At 10:30 a.m. on a perfect Friday morning at Tahoe, divers waded into the lake to start an historic clean-up effort.
On May 14, Colin West, founder of Clean Up the Lake briefed crews before they started their dive into the lake’s 50-degree water from the shore of Edgewood Tahoe.
The effort to circumvent the lake’s 72-mile shoreline, cleaning up trash along the way, was delayed last summer due to COVID-19.
“We made it through the pandemic, and we survived,” West said to the crews.
Three kayaks, two jet skies and three boats accompanied the nine divers.
West told the Tribune that each crew is made up of four divers, acting as cleaners and one free diver helping them bring up the items. Each crew also has one to two kayakers and one jet ski to provide any aid the divers could need.
“The ratio is very important,” West said.
For West, the safety of the crews is paramount. In the pre-dive meeting, he went over safety protocols including hand gestures, oxygen levels and distances the boats must stay.
He reminded divers not to go below 25 feet and to get out of the water if they get too cold.
The clean up effort is made possible by funds from the Tahoe Fund and Tahoe Blue Vodka. In November 2020, the Tahoe Fund started a fundraiser and was immediately gifted $25,000 from Vail Resorts. They also received large donations from Tahoe Truckee Community Foundation in Association with Martis Fund, Tahoe Mountain Resorts Foundation and American Century Championship.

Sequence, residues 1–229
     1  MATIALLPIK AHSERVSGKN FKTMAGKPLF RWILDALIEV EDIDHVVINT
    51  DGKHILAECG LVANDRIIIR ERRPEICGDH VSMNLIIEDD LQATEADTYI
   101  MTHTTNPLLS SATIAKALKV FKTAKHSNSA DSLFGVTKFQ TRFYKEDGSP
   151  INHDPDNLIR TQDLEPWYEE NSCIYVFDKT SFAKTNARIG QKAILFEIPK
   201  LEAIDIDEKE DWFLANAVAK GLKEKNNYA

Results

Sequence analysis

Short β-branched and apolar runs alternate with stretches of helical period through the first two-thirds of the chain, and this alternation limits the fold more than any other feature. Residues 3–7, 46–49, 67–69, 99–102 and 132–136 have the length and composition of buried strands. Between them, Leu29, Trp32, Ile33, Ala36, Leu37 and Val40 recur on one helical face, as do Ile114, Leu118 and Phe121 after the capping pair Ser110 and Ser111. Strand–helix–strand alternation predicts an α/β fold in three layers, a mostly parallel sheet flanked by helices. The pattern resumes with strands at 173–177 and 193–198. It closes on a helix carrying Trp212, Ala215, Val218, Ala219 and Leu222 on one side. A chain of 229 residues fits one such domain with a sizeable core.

Tahoe Blue Vodka owner Matt Levitt said he wanted to do something big to support the lake so they gave a $100,000 matching donation to Tahoe Fund.
“Since I started Tahoe Blue Vodka, our mission has always been to give back to organizations and efforts that work to protect Lake Tahoe,” Levitt said in a press release. “It’s incredible to see the passion that people have for protecting the lake’s clarity and how matching donations like this one can inspire people to give back and make a difference.”
Tahoe Fund CEO Amy Berry thanked Levitt for “selling enough vodka” to make the event possible.
In addition to his donation, Levitt also joined the clean-up effort this morning as one of the divers.
The divers will be going out three days a week and cover about a mile a day.
Meghan Burk, Chairman of the CUTL Board, who was also one of the divers, told the Tribune they will be GPS tracking “hotspots” where there is a lot of trash. They will be sending crews out throughout the summer to clean-up those spots. She also said they will be making sure historical items are given to the proper organizations.
Within an hour of getting in the water, divers recovered three tires and a cinder block, in addition to filling their bags with smaller trash items.
“I hope to raise awareness just by drawing attention to how much litter is coming up,” Berry said.
To volunteer, donate or follow-up the effort’s progress, visit https://cleanupthelake.org